Apr 27, 2012

Country Cricket (Gryllus campestris)



Did you know?

That the fable “The Ant and the Cricket” was written by the Greek poet Aesop over 2,500 years ago? In the fable, the cricket is representing lazy, careless people who indulge in foolish hobbies, and therefore lost.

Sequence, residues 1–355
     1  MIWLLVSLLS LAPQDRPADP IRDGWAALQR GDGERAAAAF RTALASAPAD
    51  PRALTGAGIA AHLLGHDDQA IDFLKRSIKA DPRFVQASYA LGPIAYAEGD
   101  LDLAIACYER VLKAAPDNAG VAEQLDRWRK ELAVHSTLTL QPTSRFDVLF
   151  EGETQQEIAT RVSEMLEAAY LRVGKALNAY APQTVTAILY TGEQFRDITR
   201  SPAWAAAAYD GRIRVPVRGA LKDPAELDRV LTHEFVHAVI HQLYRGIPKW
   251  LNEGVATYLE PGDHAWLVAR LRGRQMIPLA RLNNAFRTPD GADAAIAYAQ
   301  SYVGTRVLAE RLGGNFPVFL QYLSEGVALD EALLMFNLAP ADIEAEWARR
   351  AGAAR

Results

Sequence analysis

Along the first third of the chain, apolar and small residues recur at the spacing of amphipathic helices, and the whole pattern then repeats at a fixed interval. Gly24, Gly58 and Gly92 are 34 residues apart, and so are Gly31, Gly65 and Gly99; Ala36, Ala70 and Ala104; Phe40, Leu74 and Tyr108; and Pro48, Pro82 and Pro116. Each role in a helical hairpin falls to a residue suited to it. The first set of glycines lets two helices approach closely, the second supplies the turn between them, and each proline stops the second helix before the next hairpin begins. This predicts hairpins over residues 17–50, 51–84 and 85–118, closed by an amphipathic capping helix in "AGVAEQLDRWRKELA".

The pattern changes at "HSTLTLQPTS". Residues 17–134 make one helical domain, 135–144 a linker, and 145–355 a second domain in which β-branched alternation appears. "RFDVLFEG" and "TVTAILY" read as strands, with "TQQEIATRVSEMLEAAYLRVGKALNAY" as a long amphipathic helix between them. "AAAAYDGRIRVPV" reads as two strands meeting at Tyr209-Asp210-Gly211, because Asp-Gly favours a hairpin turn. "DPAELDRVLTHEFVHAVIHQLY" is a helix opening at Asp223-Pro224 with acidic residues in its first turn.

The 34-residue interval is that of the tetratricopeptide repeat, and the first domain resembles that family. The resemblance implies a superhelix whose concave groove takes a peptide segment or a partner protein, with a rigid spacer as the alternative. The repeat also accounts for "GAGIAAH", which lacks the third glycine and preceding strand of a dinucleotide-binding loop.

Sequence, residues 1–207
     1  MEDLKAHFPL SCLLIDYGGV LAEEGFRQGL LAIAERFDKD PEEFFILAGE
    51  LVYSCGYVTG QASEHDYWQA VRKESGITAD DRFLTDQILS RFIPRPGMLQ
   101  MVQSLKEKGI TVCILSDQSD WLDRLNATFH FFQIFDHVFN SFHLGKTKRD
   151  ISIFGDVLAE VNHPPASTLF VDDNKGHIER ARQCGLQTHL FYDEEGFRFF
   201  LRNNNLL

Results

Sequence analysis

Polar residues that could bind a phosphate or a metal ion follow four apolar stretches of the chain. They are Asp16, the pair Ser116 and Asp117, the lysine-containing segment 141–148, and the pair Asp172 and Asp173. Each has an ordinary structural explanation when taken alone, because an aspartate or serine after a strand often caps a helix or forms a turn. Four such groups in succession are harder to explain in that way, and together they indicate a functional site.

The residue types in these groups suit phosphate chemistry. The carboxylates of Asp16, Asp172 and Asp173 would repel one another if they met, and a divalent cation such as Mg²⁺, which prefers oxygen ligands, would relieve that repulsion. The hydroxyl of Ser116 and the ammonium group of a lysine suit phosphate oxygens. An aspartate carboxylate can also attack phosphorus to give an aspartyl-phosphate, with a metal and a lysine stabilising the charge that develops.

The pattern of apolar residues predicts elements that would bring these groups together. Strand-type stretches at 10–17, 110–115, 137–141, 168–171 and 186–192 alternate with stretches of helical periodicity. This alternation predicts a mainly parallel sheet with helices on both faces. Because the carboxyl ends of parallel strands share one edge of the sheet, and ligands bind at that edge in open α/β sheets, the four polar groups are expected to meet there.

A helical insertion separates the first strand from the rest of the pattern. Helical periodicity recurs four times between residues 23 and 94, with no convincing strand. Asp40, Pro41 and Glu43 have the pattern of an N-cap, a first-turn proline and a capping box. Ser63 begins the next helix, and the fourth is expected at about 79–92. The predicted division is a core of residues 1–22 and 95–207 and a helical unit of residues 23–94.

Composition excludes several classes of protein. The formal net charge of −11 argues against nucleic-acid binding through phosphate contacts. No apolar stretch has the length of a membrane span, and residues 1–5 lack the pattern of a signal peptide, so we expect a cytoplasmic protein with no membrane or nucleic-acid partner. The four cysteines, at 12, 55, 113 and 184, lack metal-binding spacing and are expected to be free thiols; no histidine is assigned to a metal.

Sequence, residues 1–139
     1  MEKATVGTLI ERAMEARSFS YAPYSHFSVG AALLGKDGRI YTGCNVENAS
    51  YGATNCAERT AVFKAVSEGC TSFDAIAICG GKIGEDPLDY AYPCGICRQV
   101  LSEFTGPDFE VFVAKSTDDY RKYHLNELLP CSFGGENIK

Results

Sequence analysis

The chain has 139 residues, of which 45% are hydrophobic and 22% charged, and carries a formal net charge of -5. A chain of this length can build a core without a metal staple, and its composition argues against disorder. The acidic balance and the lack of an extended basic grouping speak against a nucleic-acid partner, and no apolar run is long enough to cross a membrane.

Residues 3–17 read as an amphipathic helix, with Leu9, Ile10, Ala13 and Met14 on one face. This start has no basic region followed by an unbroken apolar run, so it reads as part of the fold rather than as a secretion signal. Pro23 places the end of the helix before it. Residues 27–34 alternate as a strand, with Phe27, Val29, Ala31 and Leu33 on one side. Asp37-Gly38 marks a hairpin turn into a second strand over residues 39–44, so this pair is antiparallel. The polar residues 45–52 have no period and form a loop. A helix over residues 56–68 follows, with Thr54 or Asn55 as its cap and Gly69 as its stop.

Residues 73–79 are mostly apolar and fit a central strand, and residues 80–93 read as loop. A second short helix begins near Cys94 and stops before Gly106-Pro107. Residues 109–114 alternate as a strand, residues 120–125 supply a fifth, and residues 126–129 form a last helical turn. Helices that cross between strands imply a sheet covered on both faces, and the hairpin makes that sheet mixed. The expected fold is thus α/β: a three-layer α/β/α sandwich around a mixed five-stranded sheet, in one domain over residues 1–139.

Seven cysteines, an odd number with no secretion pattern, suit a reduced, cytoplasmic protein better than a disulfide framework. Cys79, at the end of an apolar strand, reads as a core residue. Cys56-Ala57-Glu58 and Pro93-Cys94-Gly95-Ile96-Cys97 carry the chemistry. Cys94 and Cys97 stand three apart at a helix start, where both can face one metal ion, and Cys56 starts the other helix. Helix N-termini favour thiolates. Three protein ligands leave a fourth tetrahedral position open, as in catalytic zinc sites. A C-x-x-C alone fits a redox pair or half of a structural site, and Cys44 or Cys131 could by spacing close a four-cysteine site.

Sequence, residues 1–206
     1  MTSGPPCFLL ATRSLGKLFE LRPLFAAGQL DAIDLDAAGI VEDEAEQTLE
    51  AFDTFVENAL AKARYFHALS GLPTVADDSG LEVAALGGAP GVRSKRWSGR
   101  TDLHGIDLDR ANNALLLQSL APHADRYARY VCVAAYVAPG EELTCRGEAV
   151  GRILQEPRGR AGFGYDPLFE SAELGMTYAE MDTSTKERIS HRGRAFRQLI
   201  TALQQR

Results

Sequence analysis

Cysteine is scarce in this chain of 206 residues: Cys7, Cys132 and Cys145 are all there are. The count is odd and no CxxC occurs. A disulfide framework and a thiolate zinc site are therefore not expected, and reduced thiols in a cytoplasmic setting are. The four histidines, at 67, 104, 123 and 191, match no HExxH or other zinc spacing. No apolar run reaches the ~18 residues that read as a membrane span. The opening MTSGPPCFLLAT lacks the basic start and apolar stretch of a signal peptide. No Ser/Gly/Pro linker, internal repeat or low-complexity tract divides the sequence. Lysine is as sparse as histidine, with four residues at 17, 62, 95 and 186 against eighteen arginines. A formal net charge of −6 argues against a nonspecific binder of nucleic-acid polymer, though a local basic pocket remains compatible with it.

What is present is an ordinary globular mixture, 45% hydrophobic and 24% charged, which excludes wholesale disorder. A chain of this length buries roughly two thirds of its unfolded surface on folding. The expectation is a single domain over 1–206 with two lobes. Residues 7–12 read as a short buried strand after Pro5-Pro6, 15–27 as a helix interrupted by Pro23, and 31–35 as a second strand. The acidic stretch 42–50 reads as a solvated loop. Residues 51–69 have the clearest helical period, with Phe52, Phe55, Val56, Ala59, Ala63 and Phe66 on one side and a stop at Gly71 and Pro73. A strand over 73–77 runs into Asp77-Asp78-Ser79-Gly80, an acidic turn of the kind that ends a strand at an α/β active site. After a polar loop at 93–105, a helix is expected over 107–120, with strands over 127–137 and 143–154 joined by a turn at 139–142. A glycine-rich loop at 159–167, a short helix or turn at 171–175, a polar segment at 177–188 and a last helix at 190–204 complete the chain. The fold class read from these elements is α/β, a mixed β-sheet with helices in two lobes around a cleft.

The Country Cricket (Gryllus campestris) is a very popular and well known bug in the fable “The Ant and the Cricket” but almost never seen by the inhabitants of the modern city. Body size has a range from 19 to 23 mm in males and from 17 to 22 mm in females. They have a black body and wings that resemble an intricate wrought iron work. The color of the wings is dark black / brown with a yellow base on which you can see black veins. A modified area of ​​veins on the wings of the male, known as the “harp”, allows them to produce a “song” used to attract the female. The Country Crickets are not flying. They live in short grasslands, warm, with between 10 and 50% of bare soil. Males dig a burrow at the base of a clump of grass with a bare platform at the entrance from which they attract females with their “song”. Females locate singing males crawling along the ground to them. After mating, either within or outside the burrow, the female lays her eggs on the bare soil areas that have a lot of sunlight. The young nymphs hatch in July and August, and grow rapidly. In early fall, dig a den of hibernation and the nymph overwinters there. They feed on different seeds, other plant material or insects (dead or alive). They can be even if they are very hungry cannibals.

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